The public inquiry into the devastating fire at Grenfell Tower is to open today (14 September). It aims to examine the cause and spread of the fire, regulations of high-rise buildings and the actions of the local authority.

At least 80 people were killed in the blaze that began inside a fridge-freezer and soon engulfed much of the building.

No evidence will be heard on the opening day and an interim report is expected in Easter 2018.

Farhad Neda and his mother, Flora Neda, used to live on the top floor of Grenfell Tower. Of those who lived on the 23rd floor, they were the only survivors.

Speaking to Channel 4 News, the pair talked for the first time about what happened in the early hours of the 14 June.

Farhad's disabled mother said that she didn't want the "pain of burning alive" and instead opted to jump out of the window until Farhad grabbed her.

Farhad told his mother that they had to find a way out of the building, despite thinking that they were "100% dead that night".

There was so much smoke that it became impossible to see so he pulled Flora Neda over his shoulders so they didn't lose each other.

Flora and Farhad were reliant on their sense of touch to get out of the building.

Flora Neda said: "We couldn't see anyone for help. Just people who had fallen down the staircase."

Many of these people were dead or on the verge of dying as smoke choked the building.

The smoke was so intense that it wasn't safe to continue down the stairs, so they returned back upstairs. Behind a door they stumbled across an air pocket.

Just two to three feet high, the pair crouched on the ground to catch their breath.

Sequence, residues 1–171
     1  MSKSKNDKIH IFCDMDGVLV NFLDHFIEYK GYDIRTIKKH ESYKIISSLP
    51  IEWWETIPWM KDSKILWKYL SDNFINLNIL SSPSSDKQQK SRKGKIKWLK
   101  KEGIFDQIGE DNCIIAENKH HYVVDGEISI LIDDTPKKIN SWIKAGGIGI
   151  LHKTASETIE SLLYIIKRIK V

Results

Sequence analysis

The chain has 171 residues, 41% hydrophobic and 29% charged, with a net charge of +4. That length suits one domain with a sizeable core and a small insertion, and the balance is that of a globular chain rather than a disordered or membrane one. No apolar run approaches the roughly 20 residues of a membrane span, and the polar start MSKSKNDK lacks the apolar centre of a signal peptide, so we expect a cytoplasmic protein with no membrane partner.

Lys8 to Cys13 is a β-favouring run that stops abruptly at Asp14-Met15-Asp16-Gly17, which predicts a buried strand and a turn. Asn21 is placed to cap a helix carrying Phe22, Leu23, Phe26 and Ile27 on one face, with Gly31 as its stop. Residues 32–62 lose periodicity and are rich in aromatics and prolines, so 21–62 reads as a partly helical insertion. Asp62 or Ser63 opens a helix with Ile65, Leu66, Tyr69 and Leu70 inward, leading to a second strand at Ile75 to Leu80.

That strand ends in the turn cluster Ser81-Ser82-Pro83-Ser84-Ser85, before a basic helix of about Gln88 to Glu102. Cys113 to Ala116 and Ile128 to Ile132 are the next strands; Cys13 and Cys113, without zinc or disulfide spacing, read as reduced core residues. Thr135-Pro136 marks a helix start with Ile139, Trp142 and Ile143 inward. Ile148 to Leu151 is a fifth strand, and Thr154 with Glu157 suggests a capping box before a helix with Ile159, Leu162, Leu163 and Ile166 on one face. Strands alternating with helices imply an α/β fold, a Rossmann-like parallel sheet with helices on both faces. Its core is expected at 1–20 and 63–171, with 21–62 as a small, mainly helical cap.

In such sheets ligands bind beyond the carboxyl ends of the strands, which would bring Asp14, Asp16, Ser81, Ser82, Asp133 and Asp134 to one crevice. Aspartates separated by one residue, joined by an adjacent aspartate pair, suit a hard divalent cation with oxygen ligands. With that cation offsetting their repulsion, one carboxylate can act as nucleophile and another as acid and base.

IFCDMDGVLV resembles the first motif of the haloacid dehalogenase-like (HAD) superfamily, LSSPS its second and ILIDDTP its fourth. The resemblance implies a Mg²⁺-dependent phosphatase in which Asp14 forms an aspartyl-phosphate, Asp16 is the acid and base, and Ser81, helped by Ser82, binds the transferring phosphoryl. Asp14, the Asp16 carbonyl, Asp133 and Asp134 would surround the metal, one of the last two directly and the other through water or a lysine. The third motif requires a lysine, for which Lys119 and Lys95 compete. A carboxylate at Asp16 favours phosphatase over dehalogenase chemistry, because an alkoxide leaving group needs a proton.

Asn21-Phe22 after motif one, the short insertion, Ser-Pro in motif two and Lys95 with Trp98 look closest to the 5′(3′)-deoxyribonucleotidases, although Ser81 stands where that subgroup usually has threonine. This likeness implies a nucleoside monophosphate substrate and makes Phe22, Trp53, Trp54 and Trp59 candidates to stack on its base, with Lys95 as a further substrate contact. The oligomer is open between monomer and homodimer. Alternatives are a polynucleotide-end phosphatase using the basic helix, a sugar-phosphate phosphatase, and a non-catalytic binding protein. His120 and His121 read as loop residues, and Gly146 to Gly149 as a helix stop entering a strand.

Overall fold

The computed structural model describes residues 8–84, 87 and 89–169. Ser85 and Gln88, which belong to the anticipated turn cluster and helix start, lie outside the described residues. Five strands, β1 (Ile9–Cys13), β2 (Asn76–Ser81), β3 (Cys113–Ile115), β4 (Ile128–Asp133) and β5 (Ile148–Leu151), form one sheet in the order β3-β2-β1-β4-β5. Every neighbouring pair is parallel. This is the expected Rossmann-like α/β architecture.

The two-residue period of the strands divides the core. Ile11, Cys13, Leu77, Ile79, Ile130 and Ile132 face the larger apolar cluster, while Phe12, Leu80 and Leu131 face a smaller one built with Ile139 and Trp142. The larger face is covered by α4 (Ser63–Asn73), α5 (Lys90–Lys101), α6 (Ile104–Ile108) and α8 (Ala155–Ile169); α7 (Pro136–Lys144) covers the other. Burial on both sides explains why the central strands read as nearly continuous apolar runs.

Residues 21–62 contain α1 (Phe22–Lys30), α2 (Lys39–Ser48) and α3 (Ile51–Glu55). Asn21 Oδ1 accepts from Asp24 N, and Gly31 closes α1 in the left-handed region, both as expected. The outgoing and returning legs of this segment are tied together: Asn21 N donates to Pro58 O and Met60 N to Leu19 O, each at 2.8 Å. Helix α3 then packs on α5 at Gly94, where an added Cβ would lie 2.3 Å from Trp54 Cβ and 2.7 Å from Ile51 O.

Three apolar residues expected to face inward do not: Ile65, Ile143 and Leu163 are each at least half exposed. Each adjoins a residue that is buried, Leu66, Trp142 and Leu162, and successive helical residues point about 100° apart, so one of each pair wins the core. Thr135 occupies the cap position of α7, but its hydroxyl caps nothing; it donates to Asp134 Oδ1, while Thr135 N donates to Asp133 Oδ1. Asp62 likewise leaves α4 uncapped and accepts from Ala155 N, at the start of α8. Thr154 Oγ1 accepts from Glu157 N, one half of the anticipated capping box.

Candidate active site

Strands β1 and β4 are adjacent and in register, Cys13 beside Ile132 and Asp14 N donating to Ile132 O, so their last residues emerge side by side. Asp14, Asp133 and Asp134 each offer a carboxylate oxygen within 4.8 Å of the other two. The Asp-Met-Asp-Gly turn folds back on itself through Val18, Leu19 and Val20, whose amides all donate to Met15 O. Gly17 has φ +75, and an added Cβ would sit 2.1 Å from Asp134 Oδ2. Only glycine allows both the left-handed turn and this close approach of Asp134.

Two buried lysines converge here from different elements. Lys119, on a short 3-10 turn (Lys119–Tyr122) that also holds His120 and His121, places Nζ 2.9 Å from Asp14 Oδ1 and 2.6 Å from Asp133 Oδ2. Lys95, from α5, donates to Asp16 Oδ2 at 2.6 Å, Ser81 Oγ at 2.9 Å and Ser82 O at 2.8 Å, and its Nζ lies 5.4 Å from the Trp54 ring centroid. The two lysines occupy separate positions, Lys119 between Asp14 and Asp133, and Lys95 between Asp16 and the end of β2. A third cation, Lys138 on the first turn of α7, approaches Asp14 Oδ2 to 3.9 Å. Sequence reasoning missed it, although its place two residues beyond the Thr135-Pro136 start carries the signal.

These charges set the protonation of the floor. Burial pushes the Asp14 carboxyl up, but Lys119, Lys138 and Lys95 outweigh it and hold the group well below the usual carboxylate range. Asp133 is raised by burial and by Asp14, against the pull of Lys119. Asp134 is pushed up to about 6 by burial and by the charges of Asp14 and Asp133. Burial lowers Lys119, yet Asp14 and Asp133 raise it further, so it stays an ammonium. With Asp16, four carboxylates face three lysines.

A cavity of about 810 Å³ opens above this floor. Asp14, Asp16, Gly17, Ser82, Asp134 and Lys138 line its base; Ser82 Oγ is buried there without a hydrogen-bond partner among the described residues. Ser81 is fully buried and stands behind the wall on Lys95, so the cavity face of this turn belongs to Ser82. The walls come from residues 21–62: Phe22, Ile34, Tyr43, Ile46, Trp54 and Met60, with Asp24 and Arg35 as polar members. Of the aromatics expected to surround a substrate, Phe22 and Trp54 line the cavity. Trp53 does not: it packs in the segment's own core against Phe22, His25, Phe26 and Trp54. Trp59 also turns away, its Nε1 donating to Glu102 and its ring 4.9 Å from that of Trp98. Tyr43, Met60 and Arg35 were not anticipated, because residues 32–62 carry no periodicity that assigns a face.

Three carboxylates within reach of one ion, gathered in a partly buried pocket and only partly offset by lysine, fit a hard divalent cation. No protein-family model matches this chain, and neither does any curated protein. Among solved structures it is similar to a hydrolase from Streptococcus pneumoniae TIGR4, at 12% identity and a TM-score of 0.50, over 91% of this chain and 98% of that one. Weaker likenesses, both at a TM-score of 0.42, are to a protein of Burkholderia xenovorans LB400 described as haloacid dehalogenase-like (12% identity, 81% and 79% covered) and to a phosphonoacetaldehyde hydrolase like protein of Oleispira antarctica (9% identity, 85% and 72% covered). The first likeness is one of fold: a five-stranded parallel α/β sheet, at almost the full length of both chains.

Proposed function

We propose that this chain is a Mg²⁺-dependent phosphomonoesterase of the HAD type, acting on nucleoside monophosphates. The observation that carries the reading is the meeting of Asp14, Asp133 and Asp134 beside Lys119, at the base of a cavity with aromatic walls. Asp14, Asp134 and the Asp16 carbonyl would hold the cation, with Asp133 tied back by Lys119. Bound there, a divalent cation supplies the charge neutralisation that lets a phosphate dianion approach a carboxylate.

Once they had caught their breath, they ran for it.

Feeling their way down the stairs, no idea of which floor they were on, they carried on navigating their way down through the thick acrid smoke.

It was when they reached the seventh floor that Farhad heard breathing masks being used by firefighters.

He said: "Even though I couldn't see, I just knew the fire brigade was there."

They continued to feel around until a hand landed on the chest of a firefighter. Farhad grabbed onto the firefighter and pulled them close, explaining what had happened.

The Neda family had lived inside Grenfell Tower for almost 20 years when the tragedy struck.

The pair were able to escape, but Farhad's father and Flora's husband, Saber, died in the flames has he attempted to help others. He was 57.

While they were still in the flat, Farhad said: "I shouted 'we have to go'. And we assumed that dad was behind us.

"Everybody that they would take out, I would go and see if it was my dad, but none of them were."

Flora, still unsure how she can live without her husband, said "the only thing I can make myself stronger is because of Farhad."

The inquiry is being led by Sir Martin Moore-Bick. He will give a 45-minute statement later today, which will be watched by survivors of the fire.

Grenfell Tower fire west London
Toby Melville/Reuters